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 Post subject: Combat Kata
PostPosted: Mon Aug 16, 1999 4:52 am 
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Sacco brings up a good point relative to Zen meditation.

Siddle writes that among warrior groups there are unquestioned peak performance zones.
Survivors of sword duels and face off gunfights “had their movements and impulses under perfect control, no stress of danger, no matter how great or close, interfered with their positive moves, properly controlled, correctly timed, and accurately directed.” __Siddle

Samurai warriors did practice Zen meditation, but gunfighters of the old west, such as Wyatt Earp or Bat Masterson, did not; yet they were equally effective when facing death!
And so the argument goes back to “natural selection process”!

According to Siddle, the scientific physiology of this dilemma still remains somewhat elusive!
“ The Warrior’s Edge” is an excellent text reviewing new age learning techniques including, martial arts training and the warrior’s mind set! Yet nothing conclusive on the Zen aspect or it would have been implemented heavily by the professional sports coaches and psychologists as well as by the lethal force trainers of swat teams and the like!

Yet there is no denial that such a highly tuned mind state does exist in some individuals!
Such individuals have been found to possess extreme confidence, a sound perspective on the value of life [including taking someone’s else’s life], strong religious faith, daily reflections on death, [samurai], emotional/ artistically refinement and deeply rooted belief systems well adjusted much before the presence of death makes itself known!

However, it is hard to argue that the presence of death or grievous injury, financial and legal nightmares and psychological complications in today’s society, would not have a very profound effect on performance, regardless of any mind conditioning!



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Van Canna


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 Post subject: Combat Kata
PostPosted: Mon Aug 16, 1999 5:33 am 
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Hello All:

A lot of things concerning stances appear to be "trade offs".

Duelists with pistols adopted "bladed" stances to reduce target area (in 'formal' duels) There, again, the rules and format were structured.

Sanchin may have a large hidden advantages:

It is fairly hard, I think, to "throw" one when in Sanchin, if the quality of his stance is not "robotic" but "dynamic", and if his balance (break focus) has not been disrupted.

By presenting the "obvious" open target, it makes available a transition to bladed as a "fade away" or "neutralize" tactic as a naturl response and does not announce this possible intention to the attacker.


Just some basic thoughts.


JOHN T.




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 Post subject: Combat Kata
PostPosted: Mon Aug 16, 1999 5:45 am 
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Interesting point. Squared off stances also make drawing much easier and T-stances, or "fade away" blade stances possible. Both great defensive manuevers.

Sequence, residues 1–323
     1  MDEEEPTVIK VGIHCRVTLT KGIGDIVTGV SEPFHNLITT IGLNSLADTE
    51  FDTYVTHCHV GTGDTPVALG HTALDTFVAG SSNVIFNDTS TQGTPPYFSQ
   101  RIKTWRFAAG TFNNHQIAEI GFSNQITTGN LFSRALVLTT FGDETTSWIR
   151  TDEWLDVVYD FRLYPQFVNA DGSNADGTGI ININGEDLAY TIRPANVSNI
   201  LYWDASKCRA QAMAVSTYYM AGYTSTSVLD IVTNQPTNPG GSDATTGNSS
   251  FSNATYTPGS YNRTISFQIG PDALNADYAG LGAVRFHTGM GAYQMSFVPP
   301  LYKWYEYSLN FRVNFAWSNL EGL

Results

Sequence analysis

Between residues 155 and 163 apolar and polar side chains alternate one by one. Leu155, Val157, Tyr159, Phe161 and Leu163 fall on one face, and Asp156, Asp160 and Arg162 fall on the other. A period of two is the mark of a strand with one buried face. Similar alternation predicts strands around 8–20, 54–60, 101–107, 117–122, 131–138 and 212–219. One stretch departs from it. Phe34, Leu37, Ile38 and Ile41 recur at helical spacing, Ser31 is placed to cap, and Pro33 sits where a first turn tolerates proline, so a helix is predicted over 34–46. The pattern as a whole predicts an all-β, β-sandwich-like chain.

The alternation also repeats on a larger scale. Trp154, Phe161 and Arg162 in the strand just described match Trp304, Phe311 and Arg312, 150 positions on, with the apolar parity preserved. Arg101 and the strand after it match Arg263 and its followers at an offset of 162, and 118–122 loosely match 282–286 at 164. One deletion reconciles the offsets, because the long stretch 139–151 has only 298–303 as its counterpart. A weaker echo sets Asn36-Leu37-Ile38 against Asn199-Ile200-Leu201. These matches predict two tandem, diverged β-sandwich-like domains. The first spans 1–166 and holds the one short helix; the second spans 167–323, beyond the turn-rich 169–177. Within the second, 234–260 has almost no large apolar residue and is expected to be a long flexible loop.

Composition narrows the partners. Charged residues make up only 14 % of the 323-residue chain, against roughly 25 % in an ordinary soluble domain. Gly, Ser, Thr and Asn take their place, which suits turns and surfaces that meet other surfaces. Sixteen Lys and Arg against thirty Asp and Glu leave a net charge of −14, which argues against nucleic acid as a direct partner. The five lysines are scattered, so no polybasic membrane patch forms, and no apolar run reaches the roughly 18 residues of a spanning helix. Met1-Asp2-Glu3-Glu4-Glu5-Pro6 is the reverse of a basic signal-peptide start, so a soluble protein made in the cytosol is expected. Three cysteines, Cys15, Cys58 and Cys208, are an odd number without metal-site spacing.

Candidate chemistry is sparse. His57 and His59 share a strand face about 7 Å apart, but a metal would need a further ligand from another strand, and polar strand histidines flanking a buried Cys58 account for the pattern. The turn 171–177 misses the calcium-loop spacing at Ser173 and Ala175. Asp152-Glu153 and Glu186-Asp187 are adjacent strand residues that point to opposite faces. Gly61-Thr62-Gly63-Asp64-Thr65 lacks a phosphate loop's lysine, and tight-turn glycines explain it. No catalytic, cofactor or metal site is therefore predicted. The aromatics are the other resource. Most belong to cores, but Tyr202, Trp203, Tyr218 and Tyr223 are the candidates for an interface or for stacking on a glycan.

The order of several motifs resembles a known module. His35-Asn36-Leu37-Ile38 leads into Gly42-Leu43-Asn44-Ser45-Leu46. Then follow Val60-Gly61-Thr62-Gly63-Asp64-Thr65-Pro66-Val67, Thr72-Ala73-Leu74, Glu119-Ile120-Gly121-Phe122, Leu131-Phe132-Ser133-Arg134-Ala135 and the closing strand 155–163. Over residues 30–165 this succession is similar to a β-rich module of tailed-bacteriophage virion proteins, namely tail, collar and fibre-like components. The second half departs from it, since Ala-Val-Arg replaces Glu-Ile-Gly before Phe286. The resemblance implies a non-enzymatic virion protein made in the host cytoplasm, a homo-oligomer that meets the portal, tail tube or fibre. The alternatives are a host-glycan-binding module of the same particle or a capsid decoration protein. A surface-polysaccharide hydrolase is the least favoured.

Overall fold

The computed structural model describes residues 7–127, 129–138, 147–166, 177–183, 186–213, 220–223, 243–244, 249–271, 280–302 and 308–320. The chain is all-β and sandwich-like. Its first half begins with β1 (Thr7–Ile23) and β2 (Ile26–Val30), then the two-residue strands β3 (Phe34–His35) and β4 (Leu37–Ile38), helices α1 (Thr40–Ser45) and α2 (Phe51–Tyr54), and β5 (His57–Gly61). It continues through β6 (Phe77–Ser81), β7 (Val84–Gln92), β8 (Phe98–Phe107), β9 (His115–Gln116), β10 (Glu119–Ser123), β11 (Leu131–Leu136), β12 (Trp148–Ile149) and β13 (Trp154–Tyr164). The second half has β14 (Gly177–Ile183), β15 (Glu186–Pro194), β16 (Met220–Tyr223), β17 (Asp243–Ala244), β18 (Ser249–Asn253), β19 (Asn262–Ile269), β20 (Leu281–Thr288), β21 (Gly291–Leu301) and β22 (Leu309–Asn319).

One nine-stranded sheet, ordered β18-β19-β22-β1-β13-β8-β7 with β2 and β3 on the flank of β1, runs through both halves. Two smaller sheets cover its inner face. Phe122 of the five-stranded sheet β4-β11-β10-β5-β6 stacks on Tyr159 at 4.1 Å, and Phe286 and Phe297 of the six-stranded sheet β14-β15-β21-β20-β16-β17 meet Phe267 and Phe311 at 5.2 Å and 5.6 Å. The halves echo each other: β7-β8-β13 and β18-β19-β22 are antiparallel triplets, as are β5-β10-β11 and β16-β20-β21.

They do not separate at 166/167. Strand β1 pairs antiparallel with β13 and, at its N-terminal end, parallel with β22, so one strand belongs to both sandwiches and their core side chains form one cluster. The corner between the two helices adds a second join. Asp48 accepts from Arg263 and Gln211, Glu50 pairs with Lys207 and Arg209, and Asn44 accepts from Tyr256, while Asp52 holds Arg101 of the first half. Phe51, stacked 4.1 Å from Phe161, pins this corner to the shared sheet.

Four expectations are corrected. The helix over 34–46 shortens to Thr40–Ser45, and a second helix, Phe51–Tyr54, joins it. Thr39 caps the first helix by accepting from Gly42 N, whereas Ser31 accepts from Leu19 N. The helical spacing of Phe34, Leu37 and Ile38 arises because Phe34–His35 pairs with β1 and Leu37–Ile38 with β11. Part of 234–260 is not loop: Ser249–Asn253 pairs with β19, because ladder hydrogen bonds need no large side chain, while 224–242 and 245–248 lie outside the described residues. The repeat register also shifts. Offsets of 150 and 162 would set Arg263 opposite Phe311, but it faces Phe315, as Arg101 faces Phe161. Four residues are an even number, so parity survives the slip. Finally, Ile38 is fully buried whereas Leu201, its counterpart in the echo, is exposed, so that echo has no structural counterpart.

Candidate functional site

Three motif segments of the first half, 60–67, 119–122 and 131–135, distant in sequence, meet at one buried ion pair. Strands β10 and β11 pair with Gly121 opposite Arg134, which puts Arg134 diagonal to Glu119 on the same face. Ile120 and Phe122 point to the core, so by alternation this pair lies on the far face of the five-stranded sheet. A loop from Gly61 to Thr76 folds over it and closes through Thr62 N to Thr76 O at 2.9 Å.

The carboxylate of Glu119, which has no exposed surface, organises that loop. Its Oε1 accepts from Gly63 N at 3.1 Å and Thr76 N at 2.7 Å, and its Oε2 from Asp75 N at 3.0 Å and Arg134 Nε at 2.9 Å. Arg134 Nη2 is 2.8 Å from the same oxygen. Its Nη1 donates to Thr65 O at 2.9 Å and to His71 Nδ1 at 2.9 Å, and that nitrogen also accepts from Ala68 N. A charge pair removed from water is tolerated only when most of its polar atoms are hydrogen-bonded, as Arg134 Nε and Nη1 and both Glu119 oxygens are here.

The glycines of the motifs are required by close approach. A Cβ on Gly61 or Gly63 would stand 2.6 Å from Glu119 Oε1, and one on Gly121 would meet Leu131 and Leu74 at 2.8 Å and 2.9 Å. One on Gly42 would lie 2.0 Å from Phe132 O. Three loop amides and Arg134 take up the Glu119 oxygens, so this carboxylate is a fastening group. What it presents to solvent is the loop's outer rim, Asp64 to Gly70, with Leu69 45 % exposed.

-Collin


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 Post subject: Combat Kata
PostPosted: Mon Aug 16, 1999 6:31 pm 
One slight thought...it appears to me that part of the pre-fight posturing that both humans and animals do, is an attempt to read the opponent's ability/weakness. By facing forward, I have not indicated what my stronger/weaker side is. Also, I believe that turning your stance sideways is an un-written though universal sign that you are ready to fight. That as long as you are facing forward prior to the fight, your attacker will unconciously give you a longer time before their first strike. Then, by forcing my opponent to attack first while I am facing forward, allows me to pick up on their weaker side and to block either high or low. Like I said just a though...

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Shelly


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 Post subject: Combat Kata
PostPosted: Mon Aug 16, 1999 7:55 pm 
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Wow! Wonderful thread...

In Chinese systems, stances are known as bo, which actually translates closer to step.

My point? I think many of the "bladed" (a term I'd not heard before) or sideways postures found in other systems were never intended to be used as static postures, but were instead, positions to move to in order to avoid an attack while preparing your own attack.

Tony Blauer points out that in a real combat situation, adopting some kind of obvious fighting posture (and a bladed stance is very obvious) will often cause your opponent to experience and adreniline dump! The last thing I think any of us desire is to give our opponent more adreniline than he may already have.

By contrast, the Sanchin posture is very close to a natural stance, and can be easily adopted/concealed as such. This suggests that it was developed as a true stance...a posture from which one is prepared to move/attack without telegraphing your intention. Without a doubt, a very combat oriented position.


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 Post subject: Combat Kata
PostPosted: Tue Aug 17, 1999 4:21 am 
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GOOD THREAD;

Through out history you will find that when two armys meet, a clash or melee is never the result. If two sides where to charge each other at full speed, before the meeting one side will always turn and run. It has been proven in combat through out ancient history that most deaths occured from being speared in the back. The Greeks created the phalanx to compensate for this. The peer preasure from behind kept you marching toward the enemy, Uechi-ryu created sanchin to keep you in the fight mindset rather than the flight. It has been my experence that by fighting in the bladed stance you are more likely to break down mentally, turn run and be speared in the back.